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Sugar Hill

4.2 out of 5 stars 126 customer reviews

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Editorial Reviews

The Mafia steps in when a Harlem drug dealer quits his partner brother to lead a straight life with his girlfriend.

Special Features

  • Production Featurette

Product Details

  • Actors: Wesley Snipes, Michael Wright, Khandi Alexander, DeVaughn Nixon, Marquise Wilson
  • Directors: Leon Ichaso
  • Writers: Barry Michael Cooper
  • Producers: Armyan Bernstein, Greg Brown, Marc Abraham, Rudy Langlais, Steven R. McGlothen
  • Format: Multiple Formats, Anamorphic, Closed-captioned, Color, NTSC, Widescreen
  • Language: English (Dolby Digital 2.0 Surround), Spanish (Dolby Digital 2.0 Surround)
  • Subtitles: English, Spanish
  • Region: Region 1 (U.S. and Canada only. Read more about DVD formats.)
  • Aspect Ratio: 1.85:1
  • Number of discs: 1
  • Rated:
    R
    Restricted
  • Studio: 20th Century Fox
  • DVD Release Date: August 30, 2011
  • Run Time: 123 minutes
  • Average Customer Review: 4.2 out of 5 stars  See all reviews (126 customer reviews)
  • ASIN: B00007AJG1
  • Amazon Best Sellers Rank: #6,555 in Movies & TV (See Top 100 in Movies & TV)
  • Learn more about "Sugar Hill" on IMDb

Customer Reviews

Top Customer Reviews

Format: VHS Tape
From Covenant Avenue to St. Nick-Harlem, once
the mecca that African-Americans lived, breathed and
thrived in, has become a pocket of infestation, a neigh-
borhood in hell, a timeshare in Vietnam. There's a war,
children, a war of values, of ethics, of lives, of genera-
tions and, ultimately, the spoils are simply blood, mate-
rial goods and empty futures. Wesley Snipes stars in the
new film Sugar Hill, which follows Roemello, a mid-
level drug kingpin, through the course of what seems to
be a week. Roemello is tired, but why he is exhausted is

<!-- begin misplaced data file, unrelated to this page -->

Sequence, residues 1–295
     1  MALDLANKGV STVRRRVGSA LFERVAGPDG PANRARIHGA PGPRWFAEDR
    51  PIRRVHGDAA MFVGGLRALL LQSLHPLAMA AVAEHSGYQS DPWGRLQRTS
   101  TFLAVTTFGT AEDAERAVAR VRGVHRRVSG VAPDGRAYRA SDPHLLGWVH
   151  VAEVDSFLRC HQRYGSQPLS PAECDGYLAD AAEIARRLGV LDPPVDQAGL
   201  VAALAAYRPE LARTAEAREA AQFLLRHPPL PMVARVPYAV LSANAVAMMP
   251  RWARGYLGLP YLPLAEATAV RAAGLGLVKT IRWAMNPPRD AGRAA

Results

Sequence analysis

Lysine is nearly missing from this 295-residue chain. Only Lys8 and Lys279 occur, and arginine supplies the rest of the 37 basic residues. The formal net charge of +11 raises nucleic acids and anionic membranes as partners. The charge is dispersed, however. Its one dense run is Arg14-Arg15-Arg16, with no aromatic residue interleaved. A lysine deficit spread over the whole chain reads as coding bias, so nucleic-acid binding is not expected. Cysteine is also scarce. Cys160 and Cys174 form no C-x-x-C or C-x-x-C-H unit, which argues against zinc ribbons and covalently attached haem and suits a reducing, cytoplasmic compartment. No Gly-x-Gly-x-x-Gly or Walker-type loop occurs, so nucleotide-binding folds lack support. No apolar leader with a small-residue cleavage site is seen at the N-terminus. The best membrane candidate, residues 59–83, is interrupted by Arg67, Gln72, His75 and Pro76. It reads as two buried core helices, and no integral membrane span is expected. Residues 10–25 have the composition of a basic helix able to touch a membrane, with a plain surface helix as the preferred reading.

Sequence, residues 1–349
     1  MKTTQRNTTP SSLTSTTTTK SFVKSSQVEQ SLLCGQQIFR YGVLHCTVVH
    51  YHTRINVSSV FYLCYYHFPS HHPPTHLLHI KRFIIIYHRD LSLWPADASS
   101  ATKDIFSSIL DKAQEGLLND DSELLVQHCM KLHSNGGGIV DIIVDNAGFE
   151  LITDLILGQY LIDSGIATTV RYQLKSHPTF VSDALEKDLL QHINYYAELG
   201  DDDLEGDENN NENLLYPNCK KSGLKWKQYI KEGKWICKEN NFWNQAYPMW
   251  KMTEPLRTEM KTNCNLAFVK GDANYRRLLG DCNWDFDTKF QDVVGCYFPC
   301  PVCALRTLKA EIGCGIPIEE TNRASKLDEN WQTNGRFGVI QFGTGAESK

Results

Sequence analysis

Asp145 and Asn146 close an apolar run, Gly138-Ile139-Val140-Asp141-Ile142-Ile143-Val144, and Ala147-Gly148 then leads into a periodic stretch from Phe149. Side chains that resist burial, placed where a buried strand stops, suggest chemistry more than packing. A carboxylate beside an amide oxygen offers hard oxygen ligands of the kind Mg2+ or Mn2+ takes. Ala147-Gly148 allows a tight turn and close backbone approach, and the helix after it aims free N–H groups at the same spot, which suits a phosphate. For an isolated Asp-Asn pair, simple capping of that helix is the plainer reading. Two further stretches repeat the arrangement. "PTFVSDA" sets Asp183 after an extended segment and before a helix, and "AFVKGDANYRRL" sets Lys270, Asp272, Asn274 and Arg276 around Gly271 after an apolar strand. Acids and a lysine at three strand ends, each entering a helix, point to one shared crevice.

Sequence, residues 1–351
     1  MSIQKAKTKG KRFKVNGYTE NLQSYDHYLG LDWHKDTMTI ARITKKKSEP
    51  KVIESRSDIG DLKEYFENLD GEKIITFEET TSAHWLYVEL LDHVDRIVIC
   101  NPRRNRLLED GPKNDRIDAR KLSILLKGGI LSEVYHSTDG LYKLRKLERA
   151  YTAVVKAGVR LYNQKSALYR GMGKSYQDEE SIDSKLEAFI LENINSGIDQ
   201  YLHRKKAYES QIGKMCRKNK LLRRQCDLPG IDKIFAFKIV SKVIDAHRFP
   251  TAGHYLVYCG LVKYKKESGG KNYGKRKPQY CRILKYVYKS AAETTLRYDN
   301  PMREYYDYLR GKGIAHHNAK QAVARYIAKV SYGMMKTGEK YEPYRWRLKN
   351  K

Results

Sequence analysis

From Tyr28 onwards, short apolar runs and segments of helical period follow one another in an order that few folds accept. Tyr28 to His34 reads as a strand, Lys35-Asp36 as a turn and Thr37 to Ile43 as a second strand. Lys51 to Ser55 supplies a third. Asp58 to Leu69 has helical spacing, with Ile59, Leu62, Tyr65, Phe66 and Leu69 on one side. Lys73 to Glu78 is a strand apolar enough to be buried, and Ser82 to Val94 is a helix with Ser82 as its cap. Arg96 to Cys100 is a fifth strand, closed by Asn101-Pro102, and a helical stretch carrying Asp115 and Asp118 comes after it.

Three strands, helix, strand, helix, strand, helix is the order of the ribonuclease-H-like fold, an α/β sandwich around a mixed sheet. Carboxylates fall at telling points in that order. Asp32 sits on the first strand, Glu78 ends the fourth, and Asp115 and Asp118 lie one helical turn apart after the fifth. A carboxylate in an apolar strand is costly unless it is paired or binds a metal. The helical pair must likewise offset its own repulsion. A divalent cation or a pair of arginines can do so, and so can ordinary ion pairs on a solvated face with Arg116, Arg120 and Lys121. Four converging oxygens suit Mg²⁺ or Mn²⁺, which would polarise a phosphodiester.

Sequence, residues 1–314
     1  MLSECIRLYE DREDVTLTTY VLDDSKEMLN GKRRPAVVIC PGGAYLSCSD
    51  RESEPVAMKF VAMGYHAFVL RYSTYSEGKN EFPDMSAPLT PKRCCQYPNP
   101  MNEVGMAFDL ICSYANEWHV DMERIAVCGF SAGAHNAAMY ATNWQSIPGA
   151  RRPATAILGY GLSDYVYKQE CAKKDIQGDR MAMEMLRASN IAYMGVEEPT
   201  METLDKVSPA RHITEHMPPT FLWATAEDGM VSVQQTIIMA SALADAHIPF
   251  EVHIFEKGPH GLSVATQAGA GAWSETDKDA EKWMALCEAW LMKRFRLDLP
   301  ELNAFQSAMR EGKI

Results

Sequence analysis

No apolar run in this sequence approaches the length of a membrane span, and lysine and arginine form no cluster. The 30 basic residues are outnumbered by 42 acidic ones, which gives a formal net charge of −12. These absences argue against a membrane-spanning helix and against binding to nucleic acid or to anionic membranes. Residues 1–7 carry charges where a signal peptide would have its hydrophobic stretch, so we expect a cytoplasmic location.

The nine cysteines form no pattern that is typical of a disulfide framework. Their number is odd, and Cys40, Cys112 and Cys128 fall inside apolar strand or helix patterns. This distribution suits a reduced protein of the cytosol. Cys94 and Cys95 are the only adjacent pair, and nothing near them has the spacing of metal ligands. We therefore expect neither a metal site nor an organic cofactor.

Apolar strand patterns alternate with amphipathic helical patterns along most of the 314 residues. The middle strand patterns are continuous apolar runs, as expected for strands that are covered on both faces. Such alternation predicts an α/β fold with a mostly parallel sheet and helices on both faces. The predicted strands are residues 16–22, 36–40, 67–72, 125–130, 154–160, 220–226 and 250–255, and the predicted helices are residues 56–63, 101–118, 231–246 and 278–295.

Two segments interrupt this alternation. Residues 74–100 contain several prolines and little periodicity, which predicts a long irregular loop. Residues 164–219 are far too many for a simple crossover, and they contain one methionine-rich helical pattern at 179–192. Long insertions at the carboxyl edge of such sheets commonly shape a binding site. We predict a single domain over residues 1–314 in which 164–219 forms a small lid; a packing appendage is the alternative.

never made clear. The film, directed by Leon Ichaso,
takes an unflinching look at both yesterday's addicts
(Roemello's parents) and today's (Roemello's brother
and partner Ray N athan) .The central theme is whether
or not Roemello will choose the true love of his girl-
friend Melissa, played with a defiant presence of char-
acter by Theresa Randle, or his surrogate father Gus,
mafia lord, supplier and the man who attempted to kill
Roemello's now-decrepit father. A battle over territory
ensues between Roemello and a competitor brought in
by Gus.
Roemello's father, played by Clarence Williams III
(who will be overlooked for an Oscar due the film's
release date), dealt drugs, supplied his wife's habit
(which leads to her death) , and lives in a walking death
of memories, regrets and heroin when the film opens.
Ray Nathan, played by Michael Wright, is the clingy,
needy older brother who relies on his Georgetown-
educated brother to balance his street insanity with
calculation and diplomacy. We then begin to see that all
Roemello is, all he has trusted, has abandoned him.
Read more ›
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Format: VHS Tape Verified Purchase
After reading how the critics panned this movie I wonder if they watched it. The movie has a very dark yet thoughtful feel to it. If we understand that critics rarely have talent as actors or screenwriters we can see how this nice movie could be so underrated by them. Wesley Snipes plays his role with a warm compassion for those around him. Michael Wright does overact quite a bit but he probably had a few years to go to become a good actor. Clarence Williams III was superb as the father. Theresa Randle is very good as the girlfriend. I almost fell in love with her myself. She seemed like the perfect woman. The rest of the movie is straight gangster done by a black cast except for Abe Vigoda who played his part excellently.